In later years, William and his sons leased rangeland on the Apache Reservation in the White Mountains for their cattle. His oldest son, William Albert, was my grandfather who with his bride Edith settled in an isolated cabin on the Reservation in 1912. The Apache men had not seen many caucasian women and would watch her through the window when Will was out riding. She would offer them lunch which they gladly accepted; eventually, the novelty wore off and they no longer watched her.
While we still have isolated ranches, think of the days of no roads and riding horseback to the ranch house. Will and Edith’s oldest son, William Paul, was born in White River and placed in an Apache papoose to be taken to the ranch. At the age of 2, he walked behind a man chopping wood and was hit in the head with the back of the ax. Will grabbed him and rode horseback many hours to the doctor in Fort Apache. Little William recovered but Edith was a very worried mother for four days before she knew if her son had survived his accident.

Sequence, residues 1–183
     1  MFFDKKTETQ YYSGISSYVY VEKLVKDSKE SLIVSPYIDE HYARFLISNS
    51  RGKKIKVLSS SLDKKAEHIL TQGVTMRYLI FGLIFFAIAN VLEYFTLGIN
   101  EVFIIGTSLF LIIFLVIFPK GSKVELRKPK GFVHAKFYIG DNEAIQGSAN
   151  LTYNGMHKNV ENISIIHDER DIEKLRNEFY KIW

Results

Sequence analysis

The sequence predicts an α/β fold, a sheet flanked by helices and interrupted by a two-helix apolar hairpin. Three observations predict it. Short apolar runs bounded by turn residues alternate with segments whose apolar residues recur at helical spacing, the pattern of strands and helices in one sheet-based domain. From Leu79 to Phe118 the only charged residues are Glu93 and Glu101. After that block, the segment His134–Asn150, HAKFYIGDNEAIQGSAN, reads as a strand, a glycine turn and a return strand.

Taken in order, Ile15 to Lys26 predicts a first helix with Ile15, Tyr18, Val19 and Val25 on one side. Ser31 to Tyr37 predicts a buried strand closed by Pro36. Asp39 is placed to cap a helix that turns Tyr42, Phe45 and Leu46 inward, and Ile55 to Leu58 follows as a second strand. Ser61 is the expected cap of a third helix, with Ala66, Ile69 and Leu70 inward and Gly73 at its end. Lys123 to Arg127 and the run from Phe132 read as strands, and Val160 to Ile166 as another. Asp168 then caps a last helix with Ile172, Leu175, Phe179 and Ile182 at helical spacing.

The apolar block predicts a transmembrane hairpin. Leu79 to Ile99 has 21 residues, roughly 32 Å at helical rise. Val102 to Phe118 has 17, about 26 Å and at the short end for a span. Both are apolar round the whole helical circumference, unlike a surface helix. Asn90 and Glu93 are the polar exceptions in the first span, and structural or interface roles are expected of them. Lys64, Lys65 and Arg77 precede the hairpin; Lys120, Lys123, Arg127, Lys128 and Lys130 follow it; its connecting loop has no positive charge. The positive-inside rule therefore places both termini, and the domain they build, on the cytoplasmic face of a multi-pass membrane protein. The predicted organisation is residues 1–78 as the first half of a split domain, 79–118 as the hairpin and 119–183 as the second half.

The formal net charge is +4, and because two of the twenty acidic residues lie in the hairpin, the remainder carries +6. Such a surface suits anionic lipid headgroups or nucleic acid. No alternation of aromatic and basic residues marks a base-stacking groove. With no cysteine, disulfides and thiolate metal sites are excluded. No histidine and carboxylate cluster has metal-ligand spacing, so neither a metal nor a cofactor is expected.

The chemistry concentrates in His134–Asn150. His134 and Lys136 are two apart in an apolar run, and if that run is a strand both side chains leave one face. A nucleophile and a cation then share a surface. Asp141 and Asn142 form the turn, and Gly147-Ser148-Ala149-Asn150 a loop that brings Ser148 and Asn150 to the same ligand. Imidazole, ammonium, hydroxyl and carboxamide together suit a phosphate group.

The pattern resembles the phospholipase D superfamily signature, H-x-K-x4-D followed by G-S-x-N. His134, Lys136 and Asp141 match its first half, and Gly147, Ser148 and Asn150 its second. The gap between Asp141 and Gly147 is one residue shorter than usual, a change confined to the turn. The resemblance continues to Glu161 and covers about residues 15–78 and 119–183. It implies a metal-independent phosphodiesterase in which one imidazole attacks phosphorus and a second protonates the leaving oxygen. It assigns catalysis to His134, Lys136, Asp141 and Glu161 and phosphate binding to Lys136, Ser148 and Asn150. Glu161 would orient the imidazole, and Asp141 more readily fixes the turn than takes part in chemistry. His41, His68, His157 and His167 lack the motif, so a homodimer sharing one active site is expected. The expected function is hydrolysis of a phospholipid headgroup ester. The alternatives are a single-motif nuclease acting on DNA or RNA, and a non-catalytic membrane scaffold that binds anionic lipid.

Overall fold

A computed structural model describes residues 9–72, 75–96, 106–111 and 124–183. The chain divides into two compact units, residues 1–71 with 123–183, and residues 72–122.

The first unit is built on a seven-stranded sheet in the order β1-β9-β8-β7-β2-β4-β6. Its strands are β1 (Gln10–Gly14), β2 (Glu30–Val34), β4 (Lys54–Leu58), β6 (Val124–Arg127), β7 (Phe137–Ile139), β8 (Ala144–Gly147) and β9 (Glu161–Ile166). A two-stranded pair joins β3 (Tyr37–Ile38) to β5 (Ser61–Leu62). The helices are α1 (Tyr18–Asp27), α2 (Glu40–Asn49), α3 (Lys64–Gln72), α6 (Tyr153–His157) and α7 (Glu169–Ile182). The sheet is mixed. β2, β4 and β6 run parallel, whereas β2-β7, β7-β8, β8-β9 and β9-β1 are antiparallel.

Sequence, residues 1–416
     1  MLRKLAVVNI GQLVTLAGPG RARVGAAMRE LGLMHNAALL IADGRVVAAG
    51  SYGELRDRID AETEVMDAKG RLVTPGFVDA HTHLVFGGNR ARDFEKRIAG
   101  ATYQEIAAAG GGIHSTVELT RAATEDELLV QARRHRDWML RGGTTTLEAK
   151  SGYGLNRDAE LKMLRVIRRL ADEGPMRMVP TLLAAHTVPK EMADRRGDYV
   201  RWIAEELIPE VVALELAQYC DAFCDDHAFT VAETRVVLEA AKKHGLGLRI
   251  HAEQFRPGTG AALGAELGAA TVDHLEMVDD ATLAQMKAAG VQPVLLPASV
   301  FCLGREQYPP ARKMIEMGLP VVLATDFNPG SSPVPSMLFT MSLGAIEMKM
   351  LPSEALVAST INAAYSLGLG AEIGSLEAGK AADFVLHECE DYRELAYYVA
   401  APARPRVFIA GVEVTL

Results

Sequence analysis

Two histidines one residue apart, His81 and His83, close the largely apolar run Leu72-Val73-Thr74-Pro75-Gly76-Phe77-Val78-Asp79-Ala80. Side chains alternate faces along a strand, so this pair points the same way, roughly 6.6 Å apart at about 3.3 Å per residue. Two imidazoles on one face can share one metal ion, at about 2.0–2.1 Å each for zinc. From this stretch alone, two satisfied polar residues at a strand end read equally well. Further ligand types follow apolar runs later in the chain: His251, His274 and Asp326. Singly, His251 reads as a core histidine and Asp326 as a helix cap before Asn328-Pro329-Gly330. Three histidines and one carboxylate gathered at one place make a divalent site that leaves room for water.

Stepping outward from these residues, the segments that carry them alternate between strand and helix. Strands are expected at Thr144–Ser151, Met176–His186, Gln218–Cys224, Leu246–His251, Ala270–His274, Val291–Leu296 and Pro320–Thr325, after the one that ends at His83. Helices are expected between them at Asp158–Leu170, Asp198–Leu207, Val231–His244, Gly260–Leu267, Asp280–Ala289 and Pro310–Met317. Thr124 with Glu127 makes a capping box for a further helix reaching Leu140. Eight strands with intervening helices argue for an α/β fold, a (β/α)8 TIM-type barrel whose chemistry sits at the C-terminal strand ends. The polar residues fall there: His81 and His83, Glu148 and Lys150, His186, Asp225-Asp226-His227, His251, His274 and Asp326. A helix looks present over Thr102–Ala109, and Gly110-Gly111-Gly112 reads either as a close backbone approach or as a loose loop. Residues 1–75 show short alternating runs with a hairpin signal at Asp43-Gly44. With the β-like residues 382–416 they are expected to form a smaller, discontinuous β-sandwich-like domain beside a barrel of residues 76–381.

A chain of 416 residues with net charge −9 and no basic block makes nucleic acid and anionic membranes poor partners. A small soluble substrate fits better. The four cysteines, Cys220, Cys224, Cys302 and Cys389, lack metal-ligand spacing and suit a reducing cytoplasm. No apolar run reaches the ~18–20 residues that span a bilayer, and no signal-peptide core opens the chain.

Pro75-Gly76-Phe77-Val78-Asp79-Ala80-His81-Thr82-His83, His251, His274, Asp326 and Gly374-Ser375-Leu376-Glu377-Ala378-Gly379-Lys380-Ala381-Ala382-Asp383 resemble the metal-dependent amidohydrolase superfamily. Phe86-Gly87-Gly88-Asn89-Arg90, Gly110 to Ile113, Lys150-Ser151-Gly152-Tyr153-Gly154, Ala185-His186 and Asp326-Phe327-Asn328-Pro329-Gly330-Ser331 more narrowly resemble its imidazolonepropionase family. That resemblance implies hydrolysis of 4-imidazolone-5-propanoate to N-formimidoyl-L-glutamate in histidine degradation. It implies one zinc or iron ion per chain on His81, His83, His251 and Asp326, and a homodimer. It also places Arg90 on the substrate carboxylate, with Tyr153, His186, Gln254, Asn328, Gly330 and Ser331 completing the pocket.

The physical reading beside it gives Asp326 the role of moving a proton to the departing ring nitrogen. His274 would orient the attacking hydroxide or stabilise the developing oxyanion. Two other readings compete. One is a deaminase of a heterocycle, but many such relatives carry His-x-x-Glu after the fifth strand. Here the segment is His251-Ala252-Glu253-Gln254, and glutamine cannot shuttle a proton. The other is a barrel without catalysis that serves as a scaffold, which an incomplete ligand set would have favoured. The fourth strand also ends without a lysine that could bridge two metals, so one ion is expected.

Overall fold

My father, Emmett Ryan, continued in the cattle business and in later years my family had cattle ranches at Florence Junction, Wenden and my favorite ranch, the Box Bar on the Verde River. Lots of fun memories of them all for my family.
Life was tough in Arizona Territory and we are thankful we have so many modern conveniences to make our life better today. Thank you to those pioneer cattlemen who persevered against all odds to provide food for the new Territory. After all – those hardy pioneers needed plenty of ZIP – zinc, iron and protein provided by beef – to do their jobs.